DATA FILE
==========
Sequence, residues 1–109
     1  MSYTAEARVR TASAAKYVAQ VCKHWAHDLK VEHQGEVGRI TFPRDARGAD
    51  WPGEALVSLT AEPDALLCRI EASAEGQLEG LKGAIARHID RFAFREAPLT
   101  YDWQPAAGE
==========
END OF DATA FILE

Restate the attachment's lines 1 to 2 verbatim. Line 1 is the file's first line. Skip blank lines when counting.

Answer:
Sequence, residues 1–109
     1  MSYTAEARVR TASAAKYVAQ VCKHWAHDLK VEHQGEVGRI TFPRDARGAD